2007 - 2021

Gaelic Promotion as Social Justice, Part 2: The Gaels as Victims of Cultural genocide

In the last article in this series (‘Gaelic Promotion as Social Justice, Part One: Gaelic as the Language of a Minoritised Community’), I argued that the Scottish Gaels constitute a minority ethnic group that has been continuously subjected since the Middle Ages to an ongoing process of cultural genocide. In this article, I will recount the story of that genocide, demonstrating that the decline of the Gaels and their language in Scotland did not happen coincidentally, but rather as the result of a series of deliberate decisions by people either indifferent to or malicious toward Gaelic community.

Most historians agree that the decline of Gaelic in Scotland began with the marriage of the Scottish King Malcolm III to the English princess Margaret of Wessex in the late eleventh century. Until that point, Gaelic had served as the primary civic and administrative language of Scotland since the kingdom’s founding in around 900 AD. The modern name of the country reflects these Gaelic origins: the term ‘Scot’ comes from the Latin word Scotus, meaning Gael; thus, the Latin name ‘Scotia’ and its Scots- and English-language counterpart ‘Scotland’ both mean ‘The Land of the Gaels’. With Queen Margaret, however, came an influx of Anglo-Saxon nobility fleeing the Norman conquest of England, whose favoured status with the royals led to the abandonment of Gaelic at court and among the clergy. These developments, along with extensive royal encouragement of trade with English and Low Country merchants in the Central Belt and along the East Coast, meant that by the late 1300s, almost the whole of the Scottish Lowlands had given up Gaelic in favour of Middle English – the ancestor of the modern Scots language.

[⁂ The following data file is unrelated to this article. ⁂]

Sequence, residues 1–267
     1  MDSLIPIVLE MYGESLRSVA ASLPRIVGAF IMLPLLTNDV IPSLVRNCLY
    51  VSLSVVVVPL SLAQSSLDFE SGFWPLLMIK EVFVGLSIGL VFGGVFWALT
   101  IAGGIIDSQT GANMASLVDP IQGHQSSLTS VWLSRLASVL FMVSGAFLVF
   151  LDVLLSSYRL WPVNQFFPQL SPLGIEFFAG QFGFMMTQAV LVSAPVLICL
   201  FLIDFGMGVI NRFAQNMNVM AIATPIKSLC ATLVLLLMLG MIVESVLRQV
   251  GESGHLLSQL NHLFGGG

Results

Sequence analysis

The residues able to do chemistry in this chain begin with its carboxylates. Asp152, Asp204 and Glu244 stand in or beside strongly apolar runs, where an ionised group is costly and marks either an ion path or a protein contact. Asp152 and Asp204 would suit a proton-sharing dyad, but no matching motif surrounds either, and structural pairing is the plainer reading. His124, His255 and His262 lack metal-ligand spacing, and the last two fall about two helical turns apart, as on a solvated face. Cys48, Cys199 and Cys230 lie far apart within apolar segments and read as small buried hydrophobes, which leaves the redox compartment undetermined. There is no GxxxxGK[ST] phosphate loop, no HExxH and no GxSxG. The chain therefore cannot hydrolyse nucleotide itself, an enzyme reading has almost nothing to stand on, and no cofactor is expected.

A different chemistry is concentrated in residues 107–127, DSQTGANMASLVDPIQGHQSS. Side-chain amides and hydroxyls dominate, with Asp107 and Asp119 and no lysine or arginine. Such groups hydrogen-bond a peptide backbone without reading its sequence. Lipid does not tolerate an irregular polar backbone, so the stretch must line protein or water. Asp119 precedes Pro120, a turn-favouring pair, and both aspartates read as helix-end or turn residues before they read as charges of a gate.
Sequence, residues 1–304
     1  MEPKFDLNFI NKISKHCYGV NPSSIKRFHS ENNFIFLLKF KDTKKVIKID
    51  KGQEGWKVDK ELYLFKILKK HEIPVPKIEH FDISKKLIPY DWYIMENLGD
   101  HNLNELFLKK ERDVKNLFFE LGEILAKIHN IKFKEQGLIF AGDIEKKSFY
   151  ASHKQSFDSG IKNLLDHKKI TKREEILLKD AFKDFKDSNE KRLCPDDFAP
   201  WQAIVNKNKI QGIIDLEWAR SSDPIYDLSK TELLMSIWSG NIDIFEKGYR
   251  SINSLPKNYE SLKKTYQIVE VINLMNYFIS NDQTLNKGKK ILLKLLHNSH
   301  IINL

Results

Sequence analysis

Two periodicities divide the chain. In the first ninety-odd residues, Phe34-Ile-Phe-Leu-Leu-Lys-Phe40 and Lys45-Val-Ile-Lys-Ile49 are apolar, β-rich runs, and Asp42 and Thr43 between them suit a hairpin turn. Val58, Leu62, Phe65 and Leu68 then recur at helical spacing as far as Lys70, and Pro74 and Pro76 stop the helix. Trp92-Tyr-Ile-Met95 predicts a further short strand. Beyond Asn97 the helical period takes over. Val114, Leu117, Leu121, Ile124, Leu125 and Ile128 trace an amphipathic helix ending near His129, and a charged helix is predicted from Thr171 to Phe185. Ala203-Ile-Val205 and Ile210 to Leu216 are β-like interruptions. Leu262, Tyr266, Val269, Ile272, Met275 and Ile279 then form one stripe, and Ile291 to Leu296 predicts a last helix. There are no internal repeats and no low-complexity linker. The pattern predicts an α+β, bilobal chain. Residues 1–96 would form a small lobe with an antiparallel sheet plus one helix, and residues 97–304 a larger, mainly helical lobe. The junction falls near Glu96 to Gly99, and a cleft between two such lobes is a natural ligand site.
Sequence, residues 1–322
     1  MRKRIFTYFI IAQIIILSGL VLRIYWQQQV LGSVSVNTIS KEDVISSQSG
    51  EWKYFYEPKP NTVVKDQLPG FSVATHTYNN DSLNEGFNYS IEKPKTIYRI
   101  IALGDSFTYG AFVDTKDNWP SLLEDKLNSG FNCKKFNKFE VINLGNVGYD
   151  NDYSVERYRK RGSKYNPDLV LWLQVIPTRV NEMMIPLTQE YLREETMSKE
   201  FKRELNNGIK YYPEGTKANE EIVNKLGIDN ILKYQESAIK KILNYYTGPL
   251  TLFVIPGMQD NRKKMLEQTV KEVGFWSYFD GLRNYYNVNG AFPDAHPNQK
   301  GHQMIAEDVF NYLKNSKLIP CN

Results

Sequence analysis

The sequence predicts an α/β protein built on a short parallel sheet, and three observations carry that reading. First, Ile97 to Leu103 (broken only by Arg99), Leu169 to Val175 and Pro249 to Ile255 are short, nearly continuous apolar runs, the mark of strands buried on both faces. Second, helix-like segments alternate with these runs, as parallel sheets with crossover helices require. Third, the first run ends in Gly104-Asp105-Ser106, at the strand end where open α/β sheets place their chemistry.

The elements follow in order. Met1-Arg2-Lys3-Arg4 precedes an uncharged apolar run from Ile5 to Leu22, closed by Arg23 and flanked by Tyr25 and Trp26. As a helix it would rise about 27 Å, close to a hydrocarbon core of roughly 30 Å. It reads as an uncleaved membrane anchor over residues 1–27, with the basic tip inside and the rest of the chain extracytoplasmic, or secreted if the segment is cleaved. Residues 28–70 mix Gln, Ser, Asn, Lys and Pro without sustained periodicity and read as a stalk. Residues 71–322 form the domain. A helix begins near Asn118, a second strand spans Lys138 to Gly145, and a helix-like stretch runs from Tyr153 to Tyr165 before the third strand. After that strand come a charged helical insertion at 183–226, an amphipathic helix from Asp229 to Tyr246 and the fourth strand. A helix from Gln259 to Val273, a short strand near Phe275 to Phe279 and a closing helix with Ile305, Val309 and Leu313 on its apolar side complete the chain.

During this time period – between about 1350 and 1500 – the Lowland Scots underwent a cultural shift in the way they viewed themselves and the Gaelic language. Before this period, the vast majority of Scottish people, even in the Lowlands, had considered themselves, as Scots, to have a Gaelic cultural identity, and had looked on Gaelic as the Scottish national language, even if they themselves could no longer speak it. By the end of the period, however, the Lowlanders had almost universally come to see themselves as both culturally distinct from the Gaels, and as the most culturally ‘Scottish’ ethnic group in Scotland. They began to call their own language not Inglis (English), as they had done previously, but Scots (Scottish); and to label the language of the Gaelic Highlanders not Scottish, as they had done previously but Erse (Irish). Thus, the Scottish Gaels came to be looked on as foreigners in the country they had founded, and increasingly had to endure the contempt of their non-Gaelic countrymen.

For much of the period of Gaelic’s decline in the Lowlands, it had continued to thrive in the Scottish Hebrides, where the Lordship of the Isles – a hybrid Norse-Gaelic polity only nominally subordinate to the Scottish Crown – had become the great standard bearer of Scottish Gaelic culture. However, in 1493, the Scottish state destroyed the Lordship of the Isles, throwing the Western Isles and coastal Highlands into more than a century of political chaos. Although the ensuing lawlessness resulted directly from the actions of the Scottish government, it lent credence to the growing belief among Lowlanders that the Gaels were uncouth barbarians.